Instead poems come to me in tiny specific seeds, like a surprising combination of words or a poignant moment of emotion, which are noticeable or intriguing because of the way they connect to something unexpected and sometimes more universal.  Perhaps this is why I often dislike big classic sweeping poems about Truth and Beauty.  The poems that speak to me are small (thanks, Valerie Worth) and precise and do just enough of the hard work of revealing links between things that I have missed.  My favorite poems slow me, stop me, dazzle me with the accuracy of their literal description even as they crack open a wider mystery that demands my participation.

Here's a poem that I share with 2nd graders, an extended metaphor that we read during the time of the year when we are first studying Native American culture and change over time by observing the moon.  We read it first while looking at a picture of a birch bark canoe, and then we reread it with the sliver of a new moon before us.

The New Moon | Eve Merriam

Hold on to me.
We will slip carefully carefully
don`t tip it over
into this canoe
pale as birch bark

and with the stars
over our shoulders
down the dark river
of the sky.

Do not delay.
By next week
the canoe will be bulging with cargo,
there will be no room
inside for us.

Tonight is the time.
Step carefully.
Hold on to me.

I LOVE this genius poem because the first line demands that we forget all about the new moon in the title and get a physical grip on this slightly risky, rather urgent canoe trip.  This would be interesting in itself--but then the "dark river of the sky" alerts us to something more going on, and with a small investment of attention and imagination, 7-8's can suddenly see how the crescent moon resembles a canoe, a canoe that changes shape and fills with cargo (what cargo?!), and how the climbing in and paddling (which we actually do with our bodies) puts us in a whole different place with a whole different view of both the canoe and the moon. Genius, like I said.

If Eve Merriam were using Metaphor Dice, this poem could not have come to be (even though moon appears on a humble blue die). With Metaphor Dice you can't roll something small and concrete like moon = full + canoe, if you go with the basic red = white + blue.  So, as usual, I'm just going to break "the rules," which, to be fair to Taylor and his team, probably shouldn't be considered rules.  This workaround stuff started already on Tuesday with a poem about iconoclasm, so I shouldn't be surprised. Today I'mma work with meadow again....


meadow is a rugged midwife:

tireless she brings forth leggy

flowerchildren of soil and rain.

they with their hueboldened

heads are not her own,

they leave home, sow their oats,

die back, are mown,

but meadow counsels earth

to breathe and push again,

again, unalone.


The roundup today is with Tricia at The Miss Rumphius Effect (ooh that turns out to be a nice connect to ms. meadow the midwife, right?) who is doing it old-school, ever charming. Hike on over for some Poetry Sisters action.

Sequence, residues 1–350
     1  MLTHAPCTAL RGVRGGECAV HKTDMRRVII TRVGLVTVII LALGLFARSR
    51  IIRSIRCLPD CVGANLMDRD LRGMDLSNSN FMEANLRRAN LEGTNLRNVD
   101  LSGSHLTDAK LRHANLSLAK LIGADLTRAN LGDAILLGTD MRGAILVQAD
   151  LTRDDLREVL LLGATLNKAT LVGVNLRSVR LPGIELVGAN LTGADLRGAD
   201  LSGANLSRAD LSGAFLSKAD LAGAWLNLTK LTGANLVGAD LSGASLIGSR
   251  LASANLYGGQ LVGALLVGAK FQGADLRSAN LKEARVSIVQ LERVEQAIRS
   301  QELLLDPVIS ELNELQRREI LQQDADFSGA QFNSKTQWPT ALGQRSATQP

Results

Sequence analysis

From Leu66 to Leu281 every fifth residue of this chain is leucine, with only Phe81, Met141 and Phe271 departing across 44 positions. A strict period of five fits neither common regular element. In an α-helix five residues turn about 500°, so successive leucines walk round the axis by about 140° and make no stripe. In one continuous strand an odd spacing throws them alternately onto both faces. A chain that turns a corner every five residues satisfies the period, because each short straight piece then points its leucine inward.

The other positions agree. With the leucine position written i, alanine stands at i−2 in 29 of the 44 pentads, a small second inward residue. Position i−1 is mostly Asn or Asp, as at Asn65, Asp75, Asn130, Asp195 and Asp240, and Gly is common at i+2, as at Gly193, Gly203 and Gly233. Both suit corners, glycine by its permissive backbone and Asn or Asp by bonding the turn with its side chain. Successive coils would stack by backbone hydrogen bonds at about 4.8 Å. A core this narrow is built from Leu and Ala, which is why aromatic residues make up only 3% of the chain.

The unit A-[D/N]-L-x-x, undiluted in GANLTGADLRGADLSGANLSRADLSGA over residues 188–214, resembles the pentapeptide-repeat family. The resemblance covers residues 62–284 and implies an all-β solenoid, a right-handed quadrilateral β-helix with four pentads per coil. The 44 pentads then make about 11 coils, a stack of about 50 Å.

Thursday, July 5, 2018

metaphor dice iii

in my mind my mind
is now dotted with ill-used fields
many barren a few overgrown
    wild wasted bad bleak neglected
                desolate deserted
it happened gently insofar as it was
not planned
not managed
not even noticed
         stealthy workings of my mind
beneath my mind
walking there now
there are pits brambles nettles stones
          & the occasional bright meadow
    of long-stalked perennials
that keep reaching each year
                to a cloud-studded sky
                 lit by crepuscular rays

draft  ©HM 2018

Tuesday, July 3, 2018

metaphor dice ii

I rolled twice this morning to get this combination...

an escape

at first glance this is so obvious as to be boring:
of course
the past is a handed-down act,
and facing the facts,
"the past is a handed-down act"
is not even a very graceful phrase.

but what if we were, as per the directions,
to construct
the metaphor using something other than "is"?

the past is not a handed-down act
the past was born a handed-down act
the past considered my mother a handed-down act
the past claimed to be a handed-down act
the past was never a handed-down act
the past turned into a handed-down act
the past thought he was a handed-down act
the past dreamed of being a handed-down act

all true.  and then there is the reverse:
"the handed-down act of the past"

ah.  I see it now.  break and rearrange:
"the act of a handed-down past"

yes, I have certainly been
the act
of a handed-down past.

break and rearrange the past
and out
falls the word iconoclast. 

I have certainly been an iconoclast.
this past
was handed down to me
in acts large (march on Washington)
and small (make cassoulet)

I can and I will now
break likeness,
march on cassoulet and make Washington
down hands on past acts--

no. enough of the feverish cleverness.
it will be enough just to break
likeness, go
to the fields and be lovely,
bloom for a time.

draft © HM 2018